Tubo ovarian abscess (TOA) is a collection of pus involving the ovary and fallopian tube (distal part). Tubo-ovarian abscess is relatively rare in pregnancy, because pelvic infection renders fertilisation and implantation almost impossible, furthermore with pregnancy the thick cervical mucus acts as a mechanical barrier. Hence, ascension of germs is difficult.
TOA most often arises as a consequence of pelvic inflammatory disease (PID). However, TOA can also develop following pelvic surgery, or as a complication of an intra abdominal process, such as appendicitis or diverticulitis.2 Proposed pathogeneses of TOA during pregnancy are variable and include hematogenous spreading, lymphatic spreading from contiguous organ, infection in a previously existing ovarian cyst, and flare-up of an old infection.3 In some reports, TOA was thought to result from ascending infection caused by gonococci attached to motile spermatozoa.4 Use of assisted reproductive technology, and structural uterine abnormalities suggested other possible causes of the formation of TOA during the gestational period.5 Ovarian abscess is also a known complication of transvaginal oocyte retrieval or transcervical embryo transfer.6
No obvious cause was present in our patient. Since infection needs about 6 weeks to 6 months to develop up to the stage of an abscess,2 we think the germ might have been contracted before or during the fertile period as suggested by James et al.4
Patients with TOA usually present with wide range of clinical symptoms. A woman with a ruptured ovarian abscess presents with features of diffuse peritonitis. An unruptured abscess is more difficult to diagnose because of variable clinical presentation. Most common presenting symptom is an indolent onset of abdominal pain, as in our case. Low-grade fever which was present in our case is the only presentation in 50% of cases. Fetal loss rate of 50% has been reported most often as spontaneous septic abortions. A delay in diagnosis may be associated with risk of maternal death.1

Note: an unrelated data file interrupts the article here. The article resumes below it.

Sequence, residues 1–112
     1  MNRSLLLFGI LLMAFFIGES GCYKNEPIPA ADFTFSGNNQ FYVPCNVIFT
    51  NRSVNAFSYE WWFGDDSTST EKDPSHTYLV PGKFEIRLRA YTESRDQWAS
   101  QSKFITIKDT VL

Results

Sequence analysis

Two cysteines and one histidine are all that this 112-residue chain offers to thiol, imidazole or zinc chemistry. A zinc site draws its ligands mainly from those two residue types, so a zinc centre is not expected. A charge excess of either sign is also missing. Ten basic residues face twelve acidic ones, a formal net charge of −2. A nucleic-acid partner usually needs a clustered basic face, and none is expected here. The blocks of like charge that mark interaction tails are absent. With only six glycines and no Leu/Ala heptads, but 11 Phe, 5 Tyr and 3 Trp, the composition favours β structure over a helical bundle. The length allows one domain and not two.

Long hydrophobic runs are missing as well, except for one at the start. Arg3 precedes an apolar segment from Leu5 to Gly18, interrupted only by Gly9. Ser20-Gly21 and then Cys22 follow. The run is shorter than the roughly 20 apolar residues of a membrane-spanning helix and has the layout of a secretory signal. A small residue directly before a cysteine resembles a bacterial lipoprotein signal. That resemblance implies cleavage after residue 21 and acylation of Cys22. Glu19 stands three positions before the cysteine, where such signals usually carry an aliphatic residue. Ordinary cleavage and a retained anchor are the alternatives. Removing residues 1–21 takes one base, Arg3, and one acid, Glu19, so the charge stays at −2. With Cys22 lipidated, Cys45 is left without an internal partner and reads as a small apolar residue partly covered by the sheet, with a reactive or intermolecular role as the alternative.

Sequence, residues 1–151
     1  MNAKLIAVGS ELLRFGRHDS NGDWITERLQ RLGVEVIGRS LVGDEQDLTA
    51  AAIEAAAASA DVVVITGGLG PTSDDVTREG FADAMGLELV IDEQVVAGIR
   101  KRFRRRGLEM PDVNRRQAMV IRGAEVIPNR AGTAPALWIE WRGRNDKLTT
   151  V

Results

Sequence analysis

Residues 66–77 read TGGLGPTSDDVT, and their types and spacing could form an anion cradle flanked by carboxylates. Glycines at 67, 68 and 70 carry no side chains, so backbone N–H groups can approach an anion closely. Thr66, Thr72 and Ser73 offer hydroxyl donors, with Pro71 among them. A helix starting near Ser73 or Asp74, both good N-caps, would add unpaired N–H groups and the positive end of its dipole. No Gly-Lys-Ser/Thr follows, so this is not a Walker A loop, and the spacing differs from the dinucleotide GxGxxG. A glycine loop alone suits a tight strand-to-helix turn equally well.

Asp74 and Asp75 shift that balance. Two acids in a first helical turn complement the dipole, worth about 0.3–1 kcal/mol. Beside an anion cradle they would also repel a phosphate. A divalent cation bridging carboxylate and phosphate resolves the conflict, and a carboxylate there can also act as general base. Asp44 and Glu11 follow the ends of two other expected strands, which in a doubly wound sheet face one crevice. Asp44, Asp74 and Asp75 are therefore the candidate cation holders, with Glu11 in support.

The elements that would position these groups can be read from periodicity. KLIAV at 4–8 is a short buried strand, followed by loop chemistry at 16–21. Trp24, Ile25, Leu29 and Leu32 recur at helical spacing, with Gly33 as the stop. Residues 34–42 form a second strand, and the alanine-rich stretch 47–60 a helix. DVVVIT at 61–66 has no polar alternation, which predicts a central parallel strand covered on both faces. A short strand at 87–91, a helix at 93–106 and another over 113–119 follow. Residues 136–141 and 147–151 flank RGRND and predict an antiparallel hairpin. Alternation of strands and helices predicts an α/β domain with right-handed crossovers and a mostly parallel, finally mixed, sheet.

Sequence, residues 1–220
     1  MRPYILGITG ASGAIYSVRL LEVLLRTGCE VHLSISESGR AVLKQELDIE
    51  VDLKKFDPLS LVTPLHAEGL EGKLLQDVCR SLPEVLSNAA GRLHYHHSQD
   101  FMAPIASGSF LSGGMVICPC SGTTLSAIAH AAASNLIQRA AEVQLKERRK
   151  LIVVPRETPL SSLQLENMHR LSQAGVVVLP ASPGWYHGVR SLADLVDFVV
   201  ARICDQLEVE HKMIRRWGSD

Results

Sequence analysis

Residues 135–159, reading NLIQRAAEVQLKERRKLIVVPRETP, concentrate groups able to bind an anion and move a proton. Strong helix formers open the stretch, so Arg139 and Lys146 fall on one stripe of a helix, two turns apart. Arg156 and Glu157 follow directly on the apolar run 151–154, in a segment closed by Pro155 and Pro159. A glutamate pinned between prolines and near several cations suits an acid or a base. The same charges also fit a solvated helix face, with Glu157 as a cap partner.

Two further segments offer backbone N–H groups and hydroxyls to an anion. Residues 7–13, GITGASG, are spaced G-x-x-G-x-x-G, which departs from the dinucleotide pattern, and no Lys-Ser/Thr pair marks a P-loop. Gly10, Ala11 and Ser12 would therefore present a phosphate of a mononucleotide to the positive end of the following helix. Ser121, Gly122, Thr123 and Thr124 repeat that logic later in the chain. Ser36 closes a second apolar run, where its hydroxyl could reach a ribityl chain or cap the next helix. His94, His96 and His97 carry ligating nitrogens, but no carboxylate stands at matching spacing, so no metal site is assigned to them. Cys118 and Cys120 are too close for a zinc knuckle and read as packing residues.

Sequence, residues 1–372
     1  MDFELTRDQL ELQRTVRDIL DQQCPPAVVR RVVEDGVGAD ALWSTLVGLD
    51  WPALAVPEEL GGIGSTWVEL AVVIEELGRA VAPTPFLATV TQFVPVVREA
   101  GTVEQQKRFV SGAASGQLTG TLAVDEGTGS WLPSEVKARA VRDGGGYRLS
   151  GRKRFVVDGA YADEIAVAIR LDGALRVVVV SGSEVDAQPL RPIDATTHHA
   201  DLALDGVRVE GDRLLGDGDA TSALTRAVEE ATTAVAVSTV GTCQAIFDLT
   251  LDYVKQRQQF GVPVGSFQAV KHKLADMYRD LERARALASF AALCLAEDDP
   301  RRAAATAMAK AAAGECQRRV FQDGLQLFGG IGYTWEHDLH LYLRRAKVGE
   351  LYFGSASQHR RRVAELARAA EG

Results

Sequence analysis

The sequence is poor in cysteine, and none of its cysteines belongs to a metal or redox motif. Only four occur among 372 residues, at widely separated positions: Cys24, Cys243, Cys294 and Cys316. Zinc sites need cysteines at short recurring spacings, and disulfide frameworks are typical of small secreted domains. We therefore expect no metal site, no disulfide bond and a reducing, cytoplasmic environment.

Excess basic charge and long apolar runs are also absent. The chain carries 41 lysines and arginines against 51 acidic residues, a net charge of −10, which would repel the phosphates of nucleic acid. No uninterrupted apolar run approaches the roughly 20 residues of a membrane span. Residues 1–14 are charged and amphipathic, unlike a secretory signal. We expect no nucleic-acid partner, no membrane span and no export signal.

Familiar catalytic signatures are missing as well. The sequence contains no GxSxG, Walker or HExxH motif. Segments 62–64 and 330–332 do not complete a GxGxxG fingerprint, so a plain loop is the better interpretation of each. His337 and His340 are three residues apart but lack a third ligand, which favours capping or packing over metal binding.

Differential diagnosis of a painful adnexal mass in pregnancy may include ectopic pregnancy, appendicitis, and adnexal torsion.
Unruptured abscess may be given supportive care and treated by preoperative broad-spectrum intravenous antibiotics effective against gram positive, gram negative and anaerobic bacteria for at least 72 hours before operative intervention. Ruptured tubo-ovarian abscess requires an aggressive and primarily surgical approach in order to minimize catastrophic sequelae. Surgical drainage of tubo-ovarian abscess or conservative procedures under antibiotics is recommended during pregnancy.
There is fertility impairment following TOA given that the tubes are involved in the disease.2
Although TOA is rare in pregnancy, given that it is associated with poor outcomes for both the mother and the fetus, we should always think of it in the case of a painful adnexal mass associated with low grade fever. Surgical drainage with seven to ten days parenteral antibiotic administration and subsequent pregnancy follow-up can lead to term delivery.